Vitex has a stimulating and normalizing effect on the pituitary gland – thus it is working on the brain rather than acting as a phytohormone.
Its action is described as amphoteric – Greek for “partly one and partly the other”. In herbalism it refers to an herb that appears to have opposite effects. However the result is overall normalizing. For example vitiex has the reputation of being both an aphrodisiac and an anaphrodisiac.
Its most important activity is normalizing female hormones. It is therefore helpful in dysmenorrhea, PMS, helping the body to regain balance after using oral contraceptives, may help ease menopausal symptoms, may be useful in regulating the ovulation cycle in women trying to get pregnant, and may help against acne in teens.
The precise mechanism of action is not known, but research suggests it acts on the anterior pituitary gland and regulates hormones via the endocrine system rather than acting directly on the reproductive system.
Easiest way to use:
Tea: 1 teaspoon of vitex berry in 1 cup of boiling water, steep 10 -15 minutes, drink this 2-3 times daily for at least 3 -6 weeks. Most women continue for 3 to 6 months.
Tincture: 2.5 mls three times daily (1:5 in 60%)
Ok that was a lot of information. I personally like simple. Here are some action steps:
To fight cold and flu:
Wash your hands
Avoid touching your face
Use elderberry syrup or elder tea to support immune health or feel better faster if you get sick
To ease hot flashes or support women's health:
1 teaspoon vitex berry in one cup hot water -- steep 10-15 minutes and drink two to three times daily for at least 3 weeks and up to six months to help normalize hormones.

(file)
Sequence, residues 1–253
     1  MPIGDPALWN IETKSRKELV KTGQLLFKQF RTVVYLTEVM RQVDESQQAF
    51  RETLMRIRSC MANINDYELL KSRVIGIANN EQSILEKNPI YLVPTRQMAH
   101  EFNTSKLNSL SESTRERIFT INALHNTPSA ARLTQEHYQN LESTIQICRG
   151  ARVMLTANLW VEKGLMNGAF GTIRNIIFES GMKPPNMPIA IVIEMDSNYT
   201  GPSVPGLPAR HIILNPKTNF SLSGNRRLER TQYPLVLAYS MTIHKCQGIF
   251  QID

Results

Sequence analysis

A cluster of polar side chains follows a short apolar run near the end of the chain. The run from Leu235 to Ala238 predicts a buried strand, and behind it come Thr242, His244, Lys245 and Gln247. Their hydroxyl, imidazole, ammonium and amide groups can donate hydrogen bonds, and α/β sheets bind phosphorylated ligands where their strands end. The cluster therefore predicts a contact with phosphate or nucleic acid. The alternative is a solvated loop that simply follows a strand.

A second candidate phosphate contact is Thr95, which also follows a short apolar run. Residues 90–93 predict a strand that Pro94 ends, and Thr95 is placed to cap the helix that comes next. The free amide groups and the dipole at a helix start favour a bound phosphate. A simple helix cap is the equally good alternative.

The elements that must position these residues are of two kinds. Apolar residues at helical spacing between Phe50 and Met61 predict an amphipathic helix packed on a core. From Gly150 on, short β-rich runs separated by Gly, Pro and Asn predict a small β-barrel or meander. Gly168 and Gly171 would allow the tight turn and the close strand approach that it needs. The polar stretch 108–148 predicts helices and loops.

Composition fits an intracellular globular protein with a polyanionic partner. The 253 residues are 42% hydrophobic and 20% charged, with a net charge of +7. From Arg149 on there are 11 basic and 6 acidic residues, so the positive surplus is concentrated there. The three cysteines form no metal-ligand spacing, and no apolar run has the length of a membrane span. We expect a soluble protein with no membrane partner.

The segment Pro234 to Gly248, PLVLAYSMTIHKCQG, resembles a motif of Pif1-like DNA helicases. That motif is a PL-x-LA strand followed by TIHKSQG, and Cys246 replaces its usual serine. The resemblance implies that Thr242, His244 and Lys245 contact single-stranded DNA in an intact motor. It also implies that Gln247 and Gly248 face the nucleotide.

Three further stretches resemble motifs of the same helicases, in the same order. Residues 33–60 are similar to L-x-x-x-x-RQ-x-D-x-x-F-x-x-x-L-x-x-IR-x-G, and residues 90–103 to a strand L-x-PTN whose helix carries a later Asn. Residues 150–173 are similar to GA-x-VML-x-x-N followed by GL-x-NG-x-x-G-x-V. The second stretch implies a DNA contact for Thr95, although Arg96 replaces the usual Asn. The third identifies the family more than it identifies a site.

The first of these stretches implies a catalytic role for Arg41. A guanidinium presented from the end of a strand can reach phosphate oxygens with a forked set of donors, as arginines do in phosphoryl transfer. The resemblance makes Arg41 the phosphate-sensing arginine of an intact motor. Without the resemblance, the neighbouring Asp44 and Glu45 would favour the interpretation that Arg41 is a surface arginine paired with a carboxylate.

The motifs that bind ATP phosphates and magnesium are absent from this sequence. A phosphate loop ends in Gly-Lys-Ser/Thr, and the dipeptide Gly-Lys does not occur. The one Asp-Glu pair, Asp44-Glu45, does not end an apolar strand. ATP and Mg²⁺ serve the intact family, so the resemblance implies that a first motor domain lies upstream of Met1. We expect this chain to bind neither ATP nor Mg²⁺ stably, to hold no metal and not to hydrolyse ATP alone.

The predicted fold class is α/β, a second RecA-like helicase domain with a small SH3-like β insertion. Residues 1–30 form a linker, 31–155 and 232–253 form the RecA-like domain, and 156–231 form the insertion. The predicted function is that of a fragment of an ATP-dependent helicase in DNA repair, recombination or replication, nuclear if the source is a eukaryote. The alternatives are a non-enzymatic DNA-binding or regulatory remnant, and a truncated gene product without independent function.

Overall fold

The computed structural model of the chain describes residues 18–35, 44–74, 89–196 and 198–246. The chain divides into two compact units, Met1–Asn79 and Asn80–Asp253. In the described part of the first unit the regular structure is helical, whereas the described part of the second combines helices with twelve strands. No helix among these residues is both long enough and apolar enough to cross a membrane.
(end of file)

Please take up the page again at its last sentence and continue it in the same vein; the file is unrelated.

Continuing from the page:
If you'd like a more personalized protocol consider finding an herbalist or holistic health care practitioner. At Be Kekoa Apothecary and Aromatherapy by Tricia we also offer aromatherapy in addition to herbal suggestions.
In summary, plants, herbs, essential oils, eating well, getting adequate sleep, and attending to self care can help support wellness.
If you have a quick questions call or contact Tricia or schedule an aromatherapy consultation for more personalized solutions to wellness.
Be well my friends,
Richard Whelan Medical Herbalist Website: https://www.rjwhelan.co.nz/herbs_A-Z.html
Gladstarr, Rosemary: Medicinal Herbs: a Beginner’s Guide
Hoffman, David Medical Herbalism The Science and Practice of Herbal Medicine
Mountain Rose Herbs: https://www.mountainroseherbs.com/
I understand that the Food and Drug Administration has not evaluated the therapeutic suggestions or any statements made on this website about essential oils, carriers or other products offered by Aromatherapy by Tricia Ambroziak (ABT)
The statements made on this website are for educational purposes and have not been evaluated by the Food and Drug Administration. The products are not intended to diagnose, treat, cure, or prevent any disease.
The data on this website is not considered complete and is not guaranteed to be accurate.
Never disregard professional medical advice or delay seeking treatment based on something you've read or accessed through this website. Tricia Ambroziak is a professional aromatherapist but not a licensed health care professional.